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californiasmokin
11-18-2009, 02:28 PM
Who has tips and recipes?:sign0092:

Joneser
11-18-2009, 02:58 PM
Who has tips and recipes?:sign0092:

McCormicks...LMAO!:roflmaoha0:


Actually, I deglaze the pan over the fire, with a little bit of white wine about 1/4 C or so, I don't measure.
Mix up a little cornstarch and cold water and add that slurry to the pan and bring it to a boil. If It's too thick, I'll add a little chicken stock. S&P to taste....works for me, nothing fancy.

JohnnyReb
11-19-2009, 05:56 AM
this looked good to me, wanna try it for the thanksgiving turkey


http://www.weber.com/holidaygrilling/Plan.aspx

peculiarmike
11-19-2009, 10:53 AM
this looked good to me, wanna try it for the thanksgiving turkey


http://www.weber.com/holidaygrilling/Plan.aspx

Dang if it doesn't look good! :thumbs up:
Make sure we get a full report and pics of this one. :msn-wink: :drooling:

JohnnyReb
11-19-2009, 03:17 PM
Dang if it doesn't look good! :thumbs up:
Make sure we get a full report and pics of this one. :msn-wink: :drooling:
did you watch the video...

PigCicles
11-19-2009, 04:45 PM
The apple brine is interesting. I've suggested it for Thanksgiving. Still have the I don't know answer. Does look like something to try though.

Thanks for the link. The video is interesting.

Zeeker
11-19-2009, 05:13 PM
I've tried this before and it's very good...


1/4 pound (1 stick) unsalted butter
1 1/2 cups chopped yellow onion (2 onions)
1/4 cup flour
1 teaspoon kosher salt
1/2 teaspoon freshly ground black pepper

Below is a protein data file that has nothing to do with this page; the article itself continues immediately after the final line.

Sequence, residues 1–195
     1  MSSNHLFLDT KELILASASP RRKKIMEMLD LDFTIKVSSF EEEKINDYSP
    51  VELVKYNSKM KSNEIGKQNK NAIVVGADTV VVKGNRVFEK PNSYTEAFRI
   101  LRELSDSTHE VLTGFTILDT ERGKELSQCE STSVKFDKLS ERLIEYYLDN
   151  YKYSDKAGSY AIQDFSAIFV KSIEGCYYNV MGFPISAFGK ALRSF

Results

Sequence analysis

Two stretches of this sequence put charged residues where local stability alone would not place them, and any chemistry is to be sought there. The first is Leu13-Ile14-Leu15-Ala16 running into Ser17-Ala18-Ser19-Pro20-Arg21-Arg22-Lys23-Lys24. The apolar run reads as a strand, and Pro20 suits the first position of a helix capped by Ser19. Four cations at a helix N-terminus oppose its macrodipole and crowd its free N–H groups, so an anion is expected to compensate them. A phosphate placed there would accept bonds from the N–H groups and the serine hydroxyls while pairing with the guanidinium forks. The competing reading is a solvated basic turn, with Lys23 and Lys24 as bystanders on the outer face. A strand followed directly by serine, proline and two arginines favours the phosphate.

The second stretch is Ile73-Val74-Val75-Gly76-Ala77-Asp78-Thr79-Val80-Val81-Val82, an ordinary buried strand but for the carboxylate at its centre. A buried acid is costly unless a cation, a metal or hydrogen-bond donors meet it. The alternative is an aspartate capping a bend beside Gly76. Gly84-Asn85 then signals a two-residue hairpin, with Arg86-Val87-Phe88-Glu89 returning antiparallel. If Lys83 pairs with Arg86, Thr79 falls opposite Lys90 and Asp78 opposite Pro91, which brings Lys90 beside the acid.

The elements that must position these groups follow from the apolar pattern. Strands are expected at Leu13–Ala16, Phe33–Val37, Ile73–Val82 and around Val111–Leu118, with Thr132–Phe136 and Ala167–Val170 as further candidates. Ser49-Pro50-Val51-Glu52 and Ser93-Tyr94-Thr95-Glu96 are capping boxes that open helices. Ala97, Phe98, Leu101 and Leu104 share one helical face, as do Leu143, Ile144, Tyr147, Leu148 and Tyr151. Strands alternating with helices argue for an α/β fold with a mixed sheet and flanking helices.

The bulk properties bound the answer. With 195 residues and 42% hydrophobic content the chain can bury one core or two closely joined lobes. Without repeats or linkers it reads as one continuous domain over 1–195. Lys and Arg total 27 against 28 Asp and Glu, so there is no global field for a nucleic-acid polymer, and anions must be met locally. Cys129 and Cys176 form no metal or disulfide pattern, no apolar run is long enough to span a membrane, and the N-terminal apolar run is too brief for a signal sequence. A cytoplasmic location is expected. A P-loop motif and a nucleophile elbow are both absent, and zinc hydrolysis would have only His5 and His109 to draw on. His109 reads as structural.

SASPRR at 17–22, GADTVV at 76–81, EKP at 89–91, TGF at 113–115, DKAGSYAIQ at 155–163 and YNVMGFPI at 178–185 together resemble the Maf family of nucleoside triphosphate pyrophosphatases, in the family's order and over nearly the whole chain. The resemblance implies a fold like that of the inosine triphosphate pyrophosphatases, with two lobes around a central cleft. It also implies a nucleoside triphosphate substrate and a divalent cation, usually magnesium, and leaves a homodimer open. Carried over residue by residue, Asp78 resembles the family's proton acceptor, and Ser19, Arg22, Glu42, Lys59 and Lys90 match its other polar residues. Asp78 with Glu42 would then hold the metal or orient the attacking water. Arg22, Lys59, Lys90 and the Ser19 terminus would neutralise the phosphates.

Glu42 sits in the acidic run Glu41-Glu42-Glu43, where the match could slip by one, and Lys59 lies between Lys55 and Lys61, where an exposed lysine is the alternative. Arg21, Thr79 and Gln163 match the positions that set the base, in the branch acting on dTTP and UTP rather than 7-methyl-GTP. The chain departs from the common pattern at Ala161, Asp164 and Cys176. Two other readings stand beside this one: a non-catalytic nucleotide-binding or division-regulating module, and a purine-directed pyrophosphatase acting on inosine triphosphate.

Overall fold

Defatted turkey drippings plus chicken stock to make 2 cups, heated
1 tablespoon Cognac or brandy
1 tablespoon white wine
1 tablespoon heavy cream


In a large (10 to 12-inch) saute pan, cook the butter and onions over medium-low heat for 12 to 15 minutes, until the onions are lightly browned.

Sprinkle the flour into the pan, whisk in, then add the salt and pepper. Cook for 2 to 3 minutes. Add the hot chicken stock mixture and Cognac, and cook uncovered for 4 to 5 minutes until thickened. Add the wine and cream. Season to taste, and serve. Enjoy...

SmokyOkie
11-19-2009, 10:45 PM
I like cornstarch gravy for Turkey. I also like a dark brown savory gravy.

Remove all but about 1/4cup of the fat in the bottom of the roasting pan and add however much water ( 1-1 1/2 Qt) you want to have in the way of gravy.

While simmering over med low heat, loosen up the fond in the bottom of the pan. While this is happening, combine 1/3 cup cornstarch in 1 cup cold water. Whisk or shake up until dissolved. When the fond is all dissolved, add half the slurry and keep stirring until it comes back to a simmer. Repeat until desired thickness is achieved. Taste and if lacking in flavor ( this will vary depending on how much gravy you make) add some of this:

http://i128.photobucket.com/albums/p190/dickeydoobbq/betterthanboullionturkey.jpg

Add 1/2 cup heavy cream, return to simmer, but do not boil. Serve.

Another nice touch is to steep a sprig of thyme or a few leaves of fresh sage to the liquid before adding thickener.

Vermin99
11-20-2009, 06:13 AM
this looked good to me, wanna try it for the thanksgiving turkey


http://www.weber.com/holidaygrilling/Plan.aspx

I have done an apple brine on a turkey breast and it turned out great.My brine didn't have all of the herbs that were in the video . I plan on doing an apple brine on our Thanksgiving turkey and might try putting thyme and sage in it. Rosemary tastes disgusting to me.

I have also made gravy a couple of times using the liquid in the pan. I used apple wood each time and I thought the gravy was really overpowering with smoke flavor. I would suggest using 1/3 to 1/2 of liquid from pan and using fresh chicken stock for the rest of the liquid thats needed.

SmokyOkie
11-20-2009, 12:02 PM
I I used apple wood each time and I thought the gravy was really overpowering with smoke flavor. I would suggest using 1/3 to 1/2 of liquid from pan and using fresh chicken stock for the rest of the liquid thats needed.


I didn't realize we were talking about smoked turkey.